Not long ago my wife, Trudy, and I returned from an Kenyan safari. The trip was wonderful in so many ways, and one of the many amazing stories was how elephants mourn. When an elephant dies, the rest of the herd stands around the body for up to three days without eating or drinking. They then push over trees to cover the body of the deceased elephant, in effect performing a burial. Even years later when returning to the site they stop and stand silently, as if remembering their fallen family member.
I found this story engaging. It made me wonder if elephants engage in the same emotions of mourning as do humans. These elephant behaviors look like they are mourning the deceased.
Then a couple of days I saw something in my herd of cattle that called me up short. Tragically a calf of about a month of age died. I found it dead without obvious cause. The mother had wandered off by then to feed with the herd.
When I rolled the dead animal over, inspecting it for signs of predators or other hints as to why it had died, I was surprised to look up and see the mother trundling hurriedly for where I stood. The mama cow maintained her protective instinct for her deceased calf, and I felt sure she would have defended the carcass. Needless to say, I quickly took my leave.
Admittedly, protectiveness of the calf’s body is different from mourning but still projects an awareness of concern and affection for the deceased calf. Watching mother cows cleanse, feed, and protect their calves has convinced me that these mothers feel strong emotions for their offspring. Even the bull on occasion ends up calf-sitting and demonstrates surprising patience and protective instincts for his offspring.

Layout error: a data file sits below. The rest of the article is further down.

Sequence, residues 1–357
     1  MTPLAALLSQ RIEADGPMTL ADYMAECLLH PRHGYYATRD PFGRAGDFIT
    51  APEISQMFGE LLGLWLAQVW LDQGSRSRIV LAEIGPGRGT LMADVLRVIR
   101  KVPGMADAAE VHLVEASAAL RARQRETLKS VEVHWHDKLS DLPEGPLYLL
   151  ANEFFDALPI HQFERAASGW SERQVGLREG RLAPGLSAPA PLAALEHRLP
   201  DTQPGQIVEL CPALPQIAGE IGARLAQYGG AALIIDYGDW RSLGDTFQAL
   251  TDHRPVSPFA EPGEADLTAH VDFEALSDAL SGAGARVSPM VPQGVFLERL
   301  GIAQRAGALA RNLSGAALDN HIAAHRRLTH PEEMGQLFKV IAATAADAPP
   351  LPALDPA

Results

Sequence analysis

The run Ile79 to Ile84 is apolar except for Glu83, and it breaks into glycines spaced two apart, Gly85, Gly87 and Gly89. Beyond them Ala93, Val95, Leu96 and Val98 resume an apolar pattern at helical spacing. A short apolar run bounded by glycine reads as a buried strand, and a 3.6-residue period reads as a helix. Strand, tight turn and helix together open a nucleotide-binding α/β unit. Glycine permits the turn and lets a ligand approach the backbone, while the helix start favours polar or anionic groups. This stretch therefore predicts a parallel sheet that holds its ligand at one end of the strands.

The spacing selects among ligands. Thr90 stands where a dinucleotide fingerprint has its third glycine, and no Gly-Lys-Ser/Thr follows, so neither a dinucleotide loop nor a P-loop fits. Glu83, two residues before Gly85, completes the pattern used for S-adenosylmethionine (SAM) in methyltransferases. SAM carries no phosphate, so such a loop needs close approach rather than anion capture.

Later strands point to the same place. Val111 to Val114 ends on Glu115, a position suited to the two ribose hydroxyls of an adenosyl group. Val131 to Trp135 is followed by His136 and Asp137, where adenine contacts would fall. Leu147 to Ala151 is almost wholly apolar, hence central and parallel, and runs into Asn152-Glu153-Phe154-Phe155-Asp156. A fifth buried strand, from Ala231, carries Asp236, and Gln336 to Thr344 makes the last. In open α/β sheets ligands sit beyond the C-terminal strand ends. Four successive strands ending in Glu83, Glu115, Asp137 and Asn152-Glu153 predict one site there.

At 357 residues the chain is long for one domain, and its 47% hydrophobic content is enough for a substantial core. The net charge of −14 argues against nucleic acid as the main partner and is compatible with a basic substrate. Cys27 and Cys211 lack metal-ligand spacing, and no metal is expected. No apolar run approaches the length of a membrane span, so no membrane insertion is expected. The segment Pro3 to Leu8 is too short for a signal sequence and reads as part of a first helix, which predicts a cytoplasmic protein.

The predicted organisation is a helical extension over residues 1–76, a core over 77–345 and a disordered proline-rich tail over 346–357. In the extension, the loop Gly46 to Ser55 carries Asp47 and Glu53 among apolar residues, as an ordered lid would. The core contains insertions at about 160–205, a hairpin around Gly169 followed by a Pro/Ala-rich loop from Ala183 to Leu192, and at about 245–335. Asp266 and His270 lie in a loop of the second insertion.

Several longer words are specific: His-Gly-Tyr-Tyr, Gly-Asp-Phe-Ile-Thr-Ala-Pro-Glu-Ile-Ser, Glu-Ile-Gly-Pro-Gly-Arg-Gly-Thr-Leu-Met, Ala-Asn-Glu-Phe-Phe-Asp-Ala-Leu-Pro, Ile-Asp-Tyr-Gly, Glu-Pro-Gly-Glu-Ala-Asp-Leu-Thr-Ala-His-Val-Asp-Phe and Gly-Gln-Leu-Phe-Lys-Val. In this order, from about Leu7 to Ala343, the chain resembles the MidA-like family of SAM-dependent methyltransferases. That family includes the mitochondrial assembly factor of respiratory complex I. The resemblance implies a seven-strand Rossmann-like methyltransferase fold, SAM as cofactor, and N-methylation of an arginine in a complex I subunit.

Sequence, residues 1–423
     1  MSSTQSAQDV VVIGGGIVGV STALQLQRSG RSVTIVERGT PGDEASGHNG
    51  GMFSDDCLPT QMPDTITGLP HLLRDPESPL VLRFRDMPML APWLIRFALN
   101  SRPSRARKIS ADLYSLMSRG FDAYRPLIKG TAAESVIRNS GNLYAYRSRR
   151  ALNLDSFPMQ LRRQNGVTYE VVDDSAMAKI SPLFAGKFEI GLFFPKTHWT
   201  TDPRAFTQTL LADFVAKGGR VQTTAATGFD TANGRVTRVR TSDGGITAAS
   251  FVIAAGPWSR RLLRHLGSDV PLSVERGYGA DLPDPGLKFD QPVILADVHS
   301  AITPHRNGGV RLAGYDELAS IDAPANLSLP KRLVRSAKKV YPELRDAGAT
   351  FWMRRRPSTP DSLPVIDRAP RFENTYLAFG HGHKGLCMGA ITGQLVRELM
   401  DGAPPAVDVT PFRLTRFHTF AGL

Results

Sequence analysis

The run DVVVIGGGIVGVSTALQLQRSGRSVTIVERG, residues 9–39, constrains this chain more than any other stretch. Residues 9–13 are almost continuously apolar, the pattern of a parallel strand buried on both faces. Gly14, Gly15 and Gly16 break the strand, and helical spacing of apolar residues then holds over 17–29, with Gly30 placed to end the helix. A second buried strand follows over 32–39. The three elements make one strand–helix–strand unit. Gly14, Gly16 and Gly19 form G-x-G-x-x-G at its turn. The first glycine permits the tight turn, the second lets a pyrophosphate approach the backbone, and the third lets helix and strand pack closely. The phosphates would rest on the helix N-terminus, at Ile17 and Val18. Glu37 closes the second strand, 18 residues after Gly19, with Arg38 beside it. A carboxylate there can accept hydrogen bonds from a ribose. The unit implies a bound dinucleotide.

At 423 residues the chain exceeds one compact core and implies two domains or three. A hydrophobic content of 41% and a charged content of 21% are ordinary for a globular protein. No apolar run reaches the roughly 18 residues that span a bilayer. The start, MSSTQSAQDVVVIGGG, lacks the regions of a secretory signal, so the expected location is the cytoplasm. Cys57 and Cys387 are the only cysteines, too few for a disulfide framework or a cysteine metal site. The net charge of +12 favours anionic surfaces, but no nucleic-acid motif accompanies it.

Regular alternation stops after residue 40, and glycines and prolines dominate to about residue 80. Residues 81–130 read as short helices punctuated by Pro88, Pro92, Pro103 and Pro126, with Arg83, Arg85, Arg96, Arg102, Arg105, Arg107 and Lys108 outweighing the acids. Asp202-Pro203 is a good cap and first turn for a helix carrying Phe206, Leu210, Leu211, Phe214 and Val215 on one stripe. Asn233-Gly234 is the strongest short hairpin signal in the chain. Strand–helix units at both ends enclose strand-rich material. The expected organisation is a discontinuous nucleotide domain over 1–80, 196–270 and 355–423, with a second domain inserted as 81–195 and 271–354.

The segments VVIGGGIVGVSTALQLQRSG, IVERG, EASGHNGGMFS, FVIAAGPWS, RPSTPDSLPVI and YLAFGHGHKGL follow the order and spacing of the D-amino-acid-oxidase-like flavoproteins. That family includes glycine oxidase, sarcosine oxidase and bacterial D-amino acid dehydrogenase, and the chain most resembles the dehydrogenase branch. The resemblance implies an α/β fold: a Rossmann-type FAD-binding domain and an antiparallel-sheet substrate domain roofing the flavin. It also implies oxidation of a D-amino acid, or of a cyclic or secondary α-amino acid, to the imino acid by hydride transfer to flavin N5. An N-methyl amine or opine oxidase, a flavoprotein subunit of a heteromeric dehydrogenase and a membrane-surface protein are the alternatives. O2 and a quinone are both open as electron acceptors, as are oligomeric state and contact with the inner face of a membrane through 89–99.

I have believed for years that human psychology could be better informed if we better understand the behavior of other mammals, especially those closest to us on the evolutionary scale.
Would love to hear your thoughts. Do you think animals mourn? Do your pets show emotions?
Tagged: Mourning in animals
My father had a way with animals. He had a very special dog named Lassie, no kidding. Our family history is replete with fascinating stories of my father and this wonderful animal. On Sunday afternoons my father would walk the fields on our farm to view his crops. Though he never called to her nothing could keep her from joining him on those walks, not even being hitched to a wagon as my substitute for a draft horse. She was a very large animal and had always roamed freely on our farm so when my father retired and moved into a town over 100 miles away he thought she would be happier with my brother on the farm. After he moved away she laid down on the sidewalk outside the house and would not eat. After 3 weeks my brother called my dad to come and get her because she would not take food and had lost a dramatic amount of weight. She mourned for him to the point of death and after they were reunited lived to a ripe old age with him nearby.